Workshopping I

Ideas from Lee and from Metro (pp. 40-41) 

You can start by saying what you think is happening in the piece (especially useful with dense poetry).  You can interpret the deeper, more ambiguous meanings of the text.  You can notice stylistic choices.  You can critique any of these.  As you read over your peer's poetry or prose, keep in mind some of our initial ideas about creativity.  Where is this piece most surprising in subject-matter?  In form/technique/style?  You can also think of rhetorical concerns: how much is this text making the reader work (Barthe's pleasure vs. bliss)?  

Also keep in mind some of the genre definitions (which often focus on writing elements or craft issues) we have come up with in class.  What is narrative about this narrative?  Think about sentences, the pull of plot, pacing, character, setting, voice, sensory or metaphorical detail, scenes, dialogue.  What is poetic about this poem (or story)?  Think about the poetic line breaks and rhythms, formal structures and their violations (sonnets, sestinas, villanelle, haiku), sound patterns, sensory details and imagery (metaphor and simile), density (fragments, much ambiguity); and of course narrative elements like plot, character, setting, and voiceOverall, where does the author surprise us, or bend or break the genre "rules" or expectations, and is this interesting or confusing (think of Affective Stylistics)?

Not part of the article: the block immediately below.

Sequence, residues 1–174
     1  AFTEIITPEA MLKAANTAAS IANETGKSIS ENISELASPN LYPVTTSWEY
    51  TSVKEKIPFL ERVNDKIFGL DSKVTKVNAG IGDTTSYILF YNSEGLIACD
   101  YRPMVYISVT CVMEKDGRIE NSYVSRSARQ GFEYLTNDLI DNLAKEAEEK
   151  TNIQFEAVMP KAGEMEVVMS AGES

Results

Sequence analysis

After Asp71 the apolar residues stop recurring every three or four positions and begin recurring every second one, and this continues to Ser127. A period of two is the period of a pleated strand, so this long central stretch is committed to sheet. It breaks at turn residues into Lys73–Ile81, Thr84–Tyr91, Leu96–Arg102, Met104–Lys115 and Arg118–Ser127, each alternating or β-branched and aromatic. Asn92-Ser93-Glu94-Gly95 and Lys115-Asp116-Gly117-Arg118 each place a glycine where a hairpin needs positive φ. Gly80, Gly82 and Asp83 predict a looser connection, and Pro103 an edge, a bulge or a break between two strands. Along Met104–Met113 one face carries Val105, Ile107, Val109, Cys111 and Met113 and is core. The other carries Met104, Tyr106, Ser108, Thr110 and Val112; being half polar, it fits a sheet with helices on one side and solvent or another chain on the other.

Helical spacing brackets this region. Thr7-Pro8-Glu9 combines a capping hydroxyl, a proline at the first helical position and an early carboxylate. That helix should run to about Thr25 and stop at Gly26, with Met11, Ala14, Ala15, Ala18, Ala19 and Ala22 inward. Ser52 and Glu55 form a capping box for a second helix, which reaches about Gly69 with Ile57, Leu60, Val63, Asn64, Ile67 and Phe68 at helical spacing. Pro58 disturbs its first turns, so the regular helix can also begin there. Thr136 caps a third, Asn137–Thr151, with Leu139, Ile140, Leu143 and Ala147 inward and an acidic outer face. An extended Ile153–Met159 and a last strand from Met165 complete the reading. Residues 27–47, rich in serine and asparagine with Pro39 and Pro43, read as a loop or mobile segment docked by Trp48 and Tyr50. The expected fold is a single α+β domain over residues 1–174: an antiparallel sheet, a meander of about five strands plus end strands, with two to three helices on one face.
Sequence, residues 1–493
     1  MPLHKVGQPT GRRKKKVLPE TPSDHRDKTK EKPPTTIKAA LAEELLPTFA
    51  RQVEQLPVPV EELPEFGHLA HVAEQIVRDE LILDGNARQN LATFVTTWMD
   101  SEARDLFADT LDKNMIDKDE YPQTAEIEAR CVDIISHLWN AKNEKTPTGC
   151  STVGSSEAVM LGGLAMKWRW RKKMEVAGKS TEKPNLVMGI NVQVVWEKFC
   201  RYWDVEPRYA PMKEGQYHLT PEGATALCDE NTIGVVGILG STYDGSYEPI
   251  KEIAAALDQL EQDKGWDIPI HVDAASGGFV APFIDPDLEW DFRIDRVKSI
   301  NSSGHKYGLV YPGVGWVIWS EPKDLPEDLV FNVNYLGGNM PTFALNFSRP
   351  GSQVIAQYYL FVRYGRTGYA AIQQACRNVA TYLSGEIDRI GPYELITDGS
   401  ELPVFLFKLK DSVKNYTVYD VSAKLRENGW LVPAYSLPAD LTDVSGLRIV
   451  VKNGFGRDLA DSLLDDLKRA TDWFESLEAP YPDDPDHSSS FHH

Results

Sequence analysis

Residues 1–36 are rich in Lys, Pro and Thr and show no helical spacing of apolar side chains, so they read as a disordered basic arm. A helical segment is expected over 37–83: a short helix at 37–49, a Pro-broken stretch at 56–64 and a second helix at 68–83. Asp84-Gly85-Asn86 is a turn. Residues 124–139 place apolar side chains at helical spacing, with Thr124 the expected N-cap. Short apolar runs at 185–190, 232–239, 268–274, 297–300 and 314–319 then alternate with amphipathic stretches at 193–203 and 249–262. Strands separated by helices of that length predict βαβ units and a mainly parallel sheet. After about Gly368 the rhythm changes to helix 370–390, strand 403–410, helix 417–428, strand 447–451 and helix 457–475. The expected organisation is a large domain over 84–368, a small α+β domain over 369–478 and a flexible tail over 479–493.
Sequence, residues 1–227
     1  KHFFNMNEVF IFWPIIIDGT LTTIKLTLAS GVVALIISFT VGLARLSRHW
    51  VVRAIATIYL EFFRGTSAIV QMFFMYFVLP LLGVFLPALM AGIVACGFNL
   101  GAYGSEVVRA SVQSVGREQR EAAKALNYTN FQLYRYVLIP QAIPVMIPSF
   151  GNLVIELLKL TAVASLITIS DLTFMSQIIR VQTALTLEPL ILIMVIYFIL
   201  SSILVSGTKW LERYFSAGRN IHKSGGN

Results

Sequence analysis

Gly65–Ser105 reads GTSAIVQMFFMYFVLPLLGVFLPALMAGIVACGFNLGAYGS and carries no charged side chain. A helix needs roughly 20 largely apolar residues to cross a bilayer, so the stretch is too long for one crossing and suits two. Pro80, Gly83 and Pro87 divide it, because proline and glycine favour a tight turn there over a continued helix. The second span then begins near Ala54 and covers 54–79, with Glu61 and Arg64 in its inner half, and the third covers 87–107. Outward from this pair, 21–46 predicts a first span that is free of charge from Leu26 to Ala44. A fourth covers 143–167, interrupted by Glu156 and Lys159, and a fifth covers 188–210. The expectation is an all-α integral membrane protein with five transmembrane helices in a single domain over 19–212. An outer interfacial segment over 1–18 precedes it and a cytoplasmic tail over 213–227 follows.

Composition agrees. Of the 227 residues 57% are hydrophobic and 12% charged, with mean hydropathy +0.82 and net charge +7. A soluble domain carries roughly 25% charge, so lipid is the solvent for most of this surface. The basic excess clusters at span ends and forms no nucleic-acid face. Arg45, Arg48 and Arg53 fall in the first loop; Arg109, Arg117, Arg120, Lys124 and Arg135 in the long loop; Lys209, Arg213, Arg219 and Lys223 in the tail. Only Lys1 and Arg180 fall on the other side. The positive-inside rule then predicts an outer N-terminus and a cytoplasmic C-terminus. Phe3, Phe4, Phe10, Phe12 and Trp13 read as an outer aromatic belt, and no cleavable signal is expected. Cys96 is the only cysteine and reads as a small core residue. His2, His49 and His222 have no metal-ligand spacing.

Author: take notes and shut up! Avoid defensiveness by only answering questions; don't explain unless invited.  After you receive comments, read over them, then try making a revision plan (see Metro or What If?).  Overall, what were their suggested changes?  Overall, what were the strengths they noticed? The following questions can help you revise, or may be something you ask your readers to help you with.

Reader: read the piece carefully in advance, making honest but rhetorically aware comments in the margins (craft comments are often especially important in a class like this--comment on the specific effects of small elements like those above).  You should also give a synthesis of opinions at the end of the piece (an overview of strengths and weaknesses, an overall feeling you get from the piece, the meaning you think the piece is trying to convey).